Monty Python’s Graham Chapman returns from the dead in new film ‘A Liar’s Autobiography’

Graham Chapman, the twisted heart of the infamous British comedy troupe Monty Python, has been described as many things: “a comedian, actor, physician, mountaineer, rugby enthusiast, pipe smoker, alcoholic and consummate Englishman – the late Graham Chapman was a man for all seasons”. Best of all was John Cleese’s description of him at his memorial service as “a freeloading bastard”. Thanks to the new film A Liar’s Autobiography he can now be described as posthumously narrating his own life (and death) on screen.

That’s right folks, Chapman is back from beyond the grave in a new animated film A Liar’s Autobiography: The Unique Story of Monty Python’s Graham Chapman based on his own fictionalized, comedic autobiography written in 1980. The 82-minute film, directed by Bill Jones (Terry Jones’ son), Ben Timlett and Jeff Simpson, details Capman’s personal and professional history through animation created by 14 different studios, and with a little help from Chapman himself.

Shortly before his death from cancer in 1989, Chapman recorded an audio version of his memoir ‘A Liar’s Autobiography (Volume VI)’ at Harry Nilsson’s studio. Forty-five minutes of recordings reading from his own highly fictionalized, but unfailingly hilarious autobiography. It was a treasure the directors of the film simply couldn’t pass up – the opportunity for Graham Chapman to star in the film of his own life… more than twenty years after his death. A Pythonesque concept if ever there was one. However, don’t get the wrong idea, the directors of the film say it’s “not a Python film” and “not a documentary”.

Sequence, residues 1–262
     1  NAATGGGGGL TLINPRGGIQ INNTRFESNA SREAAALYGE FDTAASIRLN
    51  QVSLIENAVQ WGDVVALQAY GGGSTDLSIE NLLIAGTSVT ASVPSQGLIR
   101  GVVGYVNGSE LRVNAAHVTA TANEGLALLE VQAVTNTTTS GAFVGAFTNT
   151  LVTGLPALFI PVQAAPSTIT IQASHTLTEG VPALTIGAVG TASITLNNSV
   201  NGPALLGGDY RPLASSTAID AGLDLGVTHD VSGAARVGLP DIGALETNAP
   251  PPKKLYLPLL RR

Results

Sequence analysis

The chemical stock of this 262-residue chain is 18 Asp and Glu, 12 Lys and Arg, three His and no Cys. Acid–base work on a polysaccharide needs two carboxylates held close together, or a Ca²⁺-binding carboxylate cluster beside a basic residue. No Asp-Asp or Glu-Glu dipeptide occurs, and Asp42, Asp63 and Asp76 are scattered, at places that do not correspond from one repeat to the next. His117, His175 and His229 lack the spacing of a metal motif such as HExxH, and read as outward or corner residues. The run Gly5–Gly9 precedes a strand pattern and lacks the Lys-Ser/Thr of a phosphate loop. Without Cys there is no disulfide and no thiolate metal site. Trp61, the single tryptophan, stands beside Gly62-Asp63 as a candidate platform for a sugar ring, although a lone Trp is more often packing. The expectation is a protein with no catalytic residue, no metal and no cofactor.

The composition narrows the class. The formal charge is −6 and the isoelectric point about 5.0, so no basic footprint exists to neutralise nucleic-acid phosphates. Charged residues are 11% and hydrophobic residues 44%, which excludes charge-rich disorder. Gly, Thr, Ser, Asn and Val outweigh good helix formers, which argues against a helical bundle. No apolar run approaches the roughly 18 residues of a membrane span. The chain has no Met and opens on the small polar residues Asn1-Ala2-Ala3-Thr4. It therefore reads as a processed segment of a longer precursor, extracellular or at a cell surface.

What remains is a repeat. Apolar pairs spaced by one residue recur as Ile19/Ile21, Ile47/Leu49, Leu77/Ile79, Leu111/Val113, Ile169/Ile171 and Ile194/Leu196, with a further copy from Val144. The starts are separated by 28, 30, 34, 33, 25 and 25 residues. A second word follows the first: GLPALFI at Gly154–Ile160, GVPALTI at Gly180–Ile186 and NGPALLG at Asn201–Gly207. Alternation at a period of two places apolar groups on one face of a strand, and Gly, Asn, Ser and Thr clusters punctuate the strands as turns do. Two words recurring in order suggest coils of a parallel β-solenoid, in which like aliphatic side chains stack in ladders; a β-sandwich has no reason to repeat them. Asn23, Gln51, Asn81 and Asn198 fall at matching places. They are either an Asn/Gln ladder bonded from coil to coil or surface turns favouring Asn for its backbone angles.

Although it’s not a Python film it does manage to bring back most of the Python troupe to collaborate with their old friend one last time. Fellow Python’s Terry Jones, John Cleese, Michael Palin and Terry Gilliam all participated in recording for the film, playing themselves as well as providing the voices of additional characters. The only thing preventing this from being a bona fide Python reunion is the unfortunate absence of Eric Idle. Regardless, A Liar’s Autobiography provides a rare opportunity for any fan of the Pythons to revisit the delightful absurdist spirit and humor that was the hallmark of Britain’s famous comedy troupe.

Based on Chapman’s unapologetically false memoir ‘A Liar’s Autobiography (Volume VI)’ – credited to Chapman and four others: David Sherlock (his partner of some 20 years), David Yallop, Alex Martin, and ‘Hitchhiker’s Guide to the Galaxy’ author Douglas Adams – the film recounts Chapman’s life from adolescence through his years in medical school, his first meeting with longtime writing partner John Cleese at Cambridge, the glory of the Python years, his coming-out as a gay man (or seventy percent gay, according to a survey he conducted on himself), and finally culminating in his abduction and transport to the heavens at the end of the eighties.

The film’s premiere screening was in September at The Toronto Film Festival. It will debut on EPIX and in select cinemas November 2 in the UK, and have a limited 3-D theatrical release in the US and Canada.

“It’s the greatest movie Graham Chapman has been in since he died!” So claims the trailer which is, ultimately, a lifetime of insanity squeezed into 2 minutes. Have a look for yourself, but be warned it’s “naughty in the extreme” and probably not a good idea to view at work unless your boss is a Python fan, too.

 

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